Some mornings in my dorm room, before I open my eyes, I try to convince myself that I’m home — that when I open my eyes I will see green trees and rolling mountains, hear chickadees singing and wild turkeys clucking and smell the sweetness of leaves aging.
But too often I am abruptly jolted from my fantasy by the slamming of a bathroom door or the wailing of Schenectady’s sirens, which remind me all too forcefully that I’m not in the Berkshires anymore.
At home, my journey to school would have taken me past waving fields of late-season hay, breathtaking mountain vistas and cows chomping on dewy crabgrass.
While I love Union’s campus, every walk to class reminds me that something is missing.
That something is most easily described as the communion with nature I enjoyed at home.
Most of my high-school days ended with a hike in the woods and nature preserves near my house, allowing me to lose the worries of the day as I shook off the pine needles of a low-hanging branch.
During these long walks I was completely alone.
After a day spent among teachers and friends, the woods offered a much-needed opportunity for my introverted self to recharge.
My hometown is smaller than the undergraduate population at Union.
But what my hometown lacks in stores and stoplights, it more than makes up for in scenery and solitude.
It’s possible to hike for miles without seeing another human being.
But why does this matter? Why should my tender reminisces have any meaning to you?
The life I described is certainly not for everyone. If I wanted a pumpkin spice latte, I’d have to drive for nearly an hour and leave the mountains. Going to the mall encompasses an entire day, rather than a bored afternoon.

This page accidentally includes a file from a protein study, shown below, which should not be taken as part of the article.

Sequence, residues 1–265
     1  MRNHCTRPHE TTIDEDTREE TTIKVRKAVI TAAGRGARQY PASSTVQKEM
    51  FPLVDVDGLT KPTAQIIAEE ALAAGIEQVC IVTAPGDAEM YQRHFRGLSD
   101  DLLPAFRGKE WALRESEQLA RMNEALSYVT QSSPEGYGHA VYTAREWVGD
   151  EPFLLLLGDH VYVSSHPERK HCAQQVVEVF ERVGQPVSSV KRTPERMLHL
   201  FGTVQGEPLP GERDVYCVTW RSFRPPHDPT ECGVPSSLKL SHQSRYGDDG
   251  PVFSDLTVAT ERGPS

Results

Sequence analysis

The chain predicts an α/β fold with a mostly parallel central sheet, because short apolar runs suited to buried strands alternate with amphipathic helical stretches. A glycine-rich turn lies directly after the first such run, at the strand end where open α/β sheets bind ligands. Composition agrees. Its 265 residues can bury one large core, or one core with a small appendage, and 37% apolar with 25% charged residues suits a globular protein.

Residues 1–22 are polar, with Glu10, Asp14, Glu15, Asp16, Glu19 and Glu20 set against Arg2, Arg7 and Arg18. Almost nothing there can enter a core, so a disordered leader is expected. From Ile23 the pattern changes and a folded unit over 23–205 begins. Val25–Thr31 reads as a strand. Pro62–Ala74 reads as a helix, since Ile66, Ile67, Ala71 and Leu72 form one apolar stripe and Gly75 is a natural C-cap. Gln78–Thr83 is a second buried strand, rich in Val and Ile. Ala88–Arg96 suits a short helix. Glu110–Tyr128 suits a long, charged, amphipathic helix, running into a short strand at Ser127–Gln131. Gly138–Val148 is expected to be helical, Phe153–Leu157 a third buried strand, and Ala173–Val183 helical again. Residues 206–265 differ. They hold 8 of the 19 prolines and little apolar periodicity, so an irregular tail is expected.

But even if you enjoy the city life, even if you’ve never driven on a dirt road or watched a deer pick its way across the road in front of your headlights, I hope that somewhere, sometime, you’ve felt the power of nature.
Recently in my British Romanticism class, I read this passage of William Wordsworth’s 1805 edition of “The Prelude”:
Wordsworth, tracing the ways in which Nature has affected the formation of his mind, reminds the reader that it is impossible to be lost when one remembers the bond shared with nature.
Nature connects all things and grounds us, according to Wordsworth.
I tend to agree. Like Wordsworth, I grew up in the country and was indelibly marked by the experience.
I never feel more alive, more human, than when I’m in the woods, away from Facebook, away from Instagram, and away from all electronic contact.
Only at that moment can I see with clarity the path I’ve chosen and the truth of what really matters.
Only then can I return to society, to my work and to my obligations with a renewed vigor.
In a nation constantly on the move, constantly connected, constantly updating, it is indescribably freeing to cut the cords and to be alone with nature.
I’m not talking about going to the “Naked and Afraid” extremes, but I am talking about leaving your smartphone behind and exploring the natural world.
In a world so much focused on the artificial and on the virtual, take a moment to experience something real.
Something you can touch—something that you don’t have to force into your brain.
Explore what you can do outside of the range of A, A-, B+ and B- outside of someone else’s definition.
Do it for you. Watch your concerns about an upcoming test, a looming paper or about a threatening group project melt away in something greater than any humanly concern.